BP calls on NYCHA to use energy savings on new boilers
by Benjamin Fang
Feb 07, 2018 | 2100 views | 0 0 comments | 132 132 recommendations | email to a friend | print
Brooklyn public housing residents vowed to turn the heat up on government officials amid a heating crisis affecting thousands of NYCHA tenants.

Borough President Eric Adams joined tenant leaders in front of the Gowanus Houses community center on Monday to voice their concerns about heating and boiler systems issues. As the cold weather intensified, Adams said his office has received heating complaints from 19 public housing developments, potentially affecting 40,000 residents.

The borough president acknowledged that the state and federal government has long “turned their backs” on NYCHA, leaving the housing authority with $25 billion in capital needs.

“New York City, unfortunately, has been the sole entity that has carried this burden,” Adams said. “We have been abandoned by Albany and abandoned by Washington, D.C.”

Last week, Mayor Bill de Blasio announced the city would invest $200 million to replace boilers and upgrade heating systems at 20 NYCHA developments. The renovations will be finished by 2022, and will benefit approximately 45,000 residents.

City officials estimate that these upgrades will help NYCHA save $5 billion annually in energy costs.

“Like our investment to replace aging roofs, this commitment to new heating systems cuts right to the heart of the biggest problems NYCHA residents face, and will make a different thousands of them will feel,” de Blasio said.

But Adams said the city, and NYCHA, can do more to improve conditions for public housing residents suffering from the cold. He called on the housing authority to reinvest recent and future energy savings to improve heating and boiler systems.

According to a report by the Citizen Budget Commission, NYCHA saved $48 million in utility costs from 2013 to 2016 due to a conversion from oil to natural gas. However, Adams said those funds did not go back into capital projects, such as boiler replacements.

“These are low-hanging fruit, these are things we can do now,” he said. “Let’s have a dedicated lockbox that money is put into the conversion process so we can continue these savings.”

Adams asked for Albany for help as well. He called on the governor to issue an emergency declaration to expedite resources and funding for improvements.

He also demanded Governor Andrew Cuomo allow the city to use design-build, a process that allows one contractor to both design and implement the project, lowering costs and expediting the timeline.

“If it’s good and the governor and his projects, it’s good for NYCHA residents and the projects we’re dealing with here,” Adams said.

The borough president recommended having additional public-private partnerships to bring more funds for fixes. He noted that many prominent people, including Whoopi Goldberg and Jay Z, were born in public housing.

“NYCHA gave them their start,” he said. “We’re reaching out to those prominent New Yorkers to say, don’t forget the buildings you were raised in.”

His last suggestion was for NYCHA to create a publicly accessible capital project dashboard. By listing the projects NYCHA officials are working on, and giving residents a sense of the timeline for improvements, they can have better information, Adams said.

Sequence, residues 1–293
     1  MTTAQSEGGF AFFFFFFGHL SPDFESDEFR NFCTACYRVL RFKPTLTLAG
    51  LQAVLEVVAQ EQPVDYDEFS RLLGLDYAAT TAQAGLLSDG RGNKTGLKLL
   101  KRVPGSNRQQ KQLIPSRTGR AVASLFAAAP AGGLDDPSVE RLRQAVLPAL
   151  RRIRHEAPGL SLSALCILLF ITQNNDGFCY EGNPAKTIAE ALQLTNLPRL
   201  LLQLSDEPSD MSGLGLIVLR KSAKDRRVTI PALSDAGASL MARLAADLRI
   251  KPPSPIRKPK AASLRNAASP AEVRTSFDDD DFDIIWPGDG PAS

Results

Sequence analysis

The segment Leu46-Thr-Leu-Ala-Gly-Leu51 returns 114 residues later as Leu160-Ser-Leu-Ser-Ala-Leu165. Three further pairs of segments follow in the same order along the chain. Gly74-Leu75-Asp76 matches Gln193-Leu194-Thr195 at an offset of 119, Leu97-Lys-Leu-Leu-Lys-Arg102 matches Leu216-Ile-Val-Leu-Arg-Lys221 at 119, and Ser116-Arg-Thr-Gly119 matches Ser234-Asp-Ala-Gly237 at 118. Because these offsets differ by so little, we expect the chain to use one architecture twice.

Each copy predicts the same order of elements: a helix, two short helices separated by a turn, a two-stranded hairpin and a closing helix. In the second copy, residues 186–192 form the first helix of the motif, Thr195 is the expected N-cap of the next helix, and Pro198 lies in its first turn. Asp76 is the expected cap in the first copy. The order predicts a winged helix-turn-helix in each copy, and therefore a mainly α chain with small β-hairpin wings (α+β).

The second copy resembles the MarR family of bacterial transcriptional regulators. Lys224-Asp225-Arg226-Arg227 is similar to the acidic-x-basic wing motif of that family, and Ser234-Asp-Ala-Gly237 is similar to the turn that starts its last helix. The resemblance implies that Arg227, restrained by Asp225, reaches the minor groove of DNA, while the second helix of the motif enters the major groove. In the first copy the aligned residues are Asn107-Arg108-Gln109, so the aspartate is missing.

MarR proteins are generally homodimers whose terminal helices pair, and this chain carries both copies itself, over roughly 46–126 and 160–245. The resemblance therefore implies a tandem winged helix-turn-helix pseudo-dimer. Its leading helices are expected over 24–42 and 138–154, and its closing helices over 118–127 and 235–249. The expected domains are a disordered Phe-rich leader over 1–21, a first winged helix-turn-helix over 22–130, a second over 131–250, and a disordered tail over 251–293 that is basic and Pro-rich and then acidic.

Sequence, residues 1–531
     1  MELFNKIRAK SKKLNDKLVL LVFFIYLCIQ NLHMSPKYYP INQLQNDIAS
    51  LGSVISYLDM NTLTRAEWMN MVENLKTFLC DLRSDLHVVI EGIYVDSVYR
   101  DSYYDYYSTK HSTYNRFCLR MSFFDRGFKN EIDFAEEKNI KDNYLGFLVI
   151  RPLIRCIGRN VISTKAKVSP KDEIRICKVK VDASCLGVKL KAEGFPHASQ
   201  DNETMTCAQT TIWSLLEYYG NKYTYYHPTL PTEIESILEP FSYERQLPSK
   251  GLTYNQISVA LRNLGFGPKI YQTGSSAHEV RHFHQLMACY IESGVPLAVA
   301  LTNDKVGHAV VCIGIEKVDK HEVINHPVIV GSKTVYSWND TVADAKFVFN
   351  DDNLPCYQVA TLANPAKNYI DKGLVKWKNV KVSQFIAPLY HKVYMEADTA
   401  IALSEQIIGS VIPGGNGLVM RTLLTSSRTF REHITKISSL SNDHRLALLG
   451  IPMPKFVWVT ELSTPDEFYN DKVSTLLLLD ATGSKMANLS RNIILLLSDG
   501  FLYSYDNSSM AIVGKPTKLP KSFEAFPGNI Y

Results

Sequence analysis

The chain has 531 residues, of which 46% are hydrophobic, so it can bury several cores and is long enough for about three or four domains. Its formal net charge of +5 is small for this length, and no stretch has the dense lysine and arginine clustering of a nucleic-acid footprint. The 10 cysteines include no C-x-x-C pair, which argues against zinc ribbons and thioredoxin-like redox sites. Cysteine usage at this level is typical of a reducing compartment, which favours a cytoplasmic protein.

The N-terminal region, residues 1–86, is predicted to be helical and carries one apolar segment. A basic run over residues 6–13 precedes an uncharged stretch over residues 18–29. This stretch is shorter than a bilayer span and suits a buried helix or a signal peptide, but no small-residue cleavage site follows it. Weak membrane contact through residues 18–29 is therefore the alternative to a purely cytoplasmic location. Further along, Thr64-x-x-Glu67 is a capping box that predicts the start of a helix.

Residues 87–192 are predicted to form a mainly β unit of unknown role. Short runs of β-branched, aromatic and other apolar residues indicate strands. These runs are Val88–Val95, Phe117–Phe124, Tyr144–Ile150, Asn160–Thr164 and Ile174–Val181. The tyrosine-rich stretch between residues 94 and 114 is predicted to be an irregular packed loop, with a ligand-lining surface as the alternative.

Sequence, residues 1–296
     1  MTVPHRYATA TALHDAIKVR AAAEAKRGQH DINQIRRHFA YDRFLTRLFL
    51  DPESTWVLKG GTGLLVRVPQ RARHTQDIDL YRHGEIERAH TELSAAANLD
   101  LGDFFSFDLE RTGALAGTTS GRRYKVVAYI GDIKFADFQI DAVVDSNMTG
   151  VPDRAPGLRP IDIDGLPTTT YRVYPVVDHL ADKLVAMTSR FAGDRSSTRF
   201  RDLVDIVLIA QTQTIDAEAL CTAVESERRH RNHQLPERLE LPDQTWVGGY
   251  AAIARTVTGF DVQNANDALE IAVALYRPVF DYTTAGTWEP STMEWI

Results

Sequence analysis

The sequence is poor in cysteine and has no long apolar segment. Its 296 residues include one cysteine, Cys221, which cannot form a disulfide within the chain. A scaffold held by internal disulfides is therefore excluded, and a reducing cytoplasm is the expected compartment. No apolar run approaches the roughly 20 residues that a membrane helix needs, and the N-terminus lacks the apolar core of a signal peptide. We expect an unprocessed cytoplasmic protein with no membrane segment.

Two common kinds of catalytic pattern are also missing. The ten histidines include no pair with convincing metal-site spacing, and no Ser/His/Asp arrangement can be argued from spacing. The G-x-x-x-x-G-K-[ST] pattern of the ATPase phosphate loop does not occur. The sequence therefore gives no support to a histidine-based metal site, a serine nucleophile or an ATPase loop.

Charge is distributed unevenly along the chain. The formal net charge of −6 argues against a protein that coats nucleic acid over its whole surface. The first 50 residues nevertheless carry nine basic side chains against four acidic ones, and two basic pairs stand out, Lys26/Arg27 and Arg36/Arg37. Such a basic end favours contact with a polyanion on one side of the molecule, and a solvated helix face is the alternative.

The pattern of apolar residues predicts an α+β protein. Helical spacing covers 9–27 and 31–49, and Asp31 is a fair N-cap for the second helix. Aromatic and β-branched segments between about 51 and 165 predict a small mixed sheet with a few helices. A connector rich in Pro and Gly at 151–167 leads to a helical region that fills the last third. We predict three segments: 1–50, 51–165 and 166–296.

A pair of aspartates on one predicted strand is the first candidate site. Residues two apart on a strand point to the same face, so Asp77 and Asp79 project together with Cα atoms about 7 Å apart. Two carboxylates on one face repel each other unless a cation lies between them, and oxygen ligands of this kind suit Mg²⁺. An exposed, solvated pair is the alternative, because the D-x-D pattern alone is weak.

Tenant leaders from nearby NYCHA developments spoke about the conditions they lived in. Margaret Brishbon, a resident of Gowanus Houses since 1963, said for tw-and-a-half months, she lived without gas. She had to cook on a hot plate, and the situation was worsened by her diabetes.

“It’s so hard,” she said. “And there was no heat. I had to wear clothes like I’m going outside to be in the apartment.’

Charlene Nimmons, a former tenant association president at Wyckoff Gardens, said she’s fed up that NYCHA residents’ voices are not being heard. She said she asked to meet with the housing authority about energy savings in September. They never came back to the table, Nimmons said.

“Not only are we looking for conversions, but we need to make sure our properties are weatherized. Our windows need to be insulated, our buildings need to be wrapped,” she said.

“So when you do fix the system, and we do get the heat, we can keep the heat inside.”

After the press conference, Adams and other residents visited Brishbon’s apartment. Adams proposed to stay for one night with a public housing resident to “see what it’s like.” The borough president offered to bring his vegan dinner as well.

Adams also asked the City Council to consider holding future hearings on public housing within NYCHA developments. He said it would be a good way to bring attention to the real issues facing tenants.

When asked if he supported other elected officials’ calls for NYCHA Chair Shola Olatoye to step down, Adams said he’s concerned about results, not placing blame.

“Stop pointing the finger of blame, come up with your solutions,” he said. “The problems of NYCHA didn’t start with Shola.”

NYCHA spokeswoman Jasmine Blake said the problem with boiler replacements isn’t procurement regulations, which are the only thing an emergency declaration would ease.

“It’s the design, building and installation of massive boilers and heating systems that takes years. No declaration is going to impact those time frames,” Blake said. “We’re working with the city to find ways to accelerate the permitting and approval processes that are within our control.”
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